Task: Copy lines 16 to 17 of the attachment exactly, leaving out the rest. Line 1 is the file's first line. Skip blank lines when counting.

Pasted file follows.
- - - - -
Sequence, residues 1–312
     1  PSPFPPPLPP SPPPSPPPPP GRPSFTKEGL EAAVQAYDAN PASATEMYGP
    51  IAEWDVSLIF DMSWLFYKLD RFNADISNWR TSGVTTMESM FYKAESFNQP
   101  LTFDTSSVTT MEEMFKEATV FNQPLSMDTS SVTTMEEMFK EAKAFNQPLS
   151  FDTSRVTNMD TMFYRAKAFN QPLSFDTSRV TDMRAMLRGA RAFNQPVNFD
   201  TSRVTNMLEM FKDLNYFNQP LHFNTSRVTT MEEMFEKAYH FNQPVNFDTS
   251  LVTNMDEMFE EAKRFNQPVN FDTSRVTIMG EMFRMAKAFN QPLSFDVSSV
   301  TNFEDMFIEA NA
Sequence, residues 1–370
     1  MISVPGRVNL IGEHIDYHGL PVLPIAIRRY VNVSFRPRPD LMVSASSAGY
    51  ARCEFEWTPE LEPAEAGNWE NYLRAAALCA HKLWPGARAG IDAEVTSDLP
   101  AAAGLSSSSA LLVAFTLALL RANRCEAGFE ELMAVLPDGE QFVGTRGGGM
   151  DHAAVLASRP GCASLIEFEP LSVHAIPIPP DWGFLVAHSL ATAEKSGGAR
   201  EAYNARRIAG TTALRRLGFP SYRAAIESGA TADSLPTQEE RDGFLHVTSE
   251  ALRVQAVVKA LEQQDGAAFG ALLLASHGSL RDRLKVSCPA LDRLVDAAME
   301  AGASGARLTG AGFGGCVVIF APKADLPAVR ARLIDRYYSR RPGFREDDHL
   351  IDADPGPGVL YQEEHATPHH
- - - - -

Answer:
   301  AGASGARLTG AGFGGCVVIF APKADLPAVR ARLIDRYYSR RPGFREDDHL
   351  IDADPGPGVL YQEEHATPHH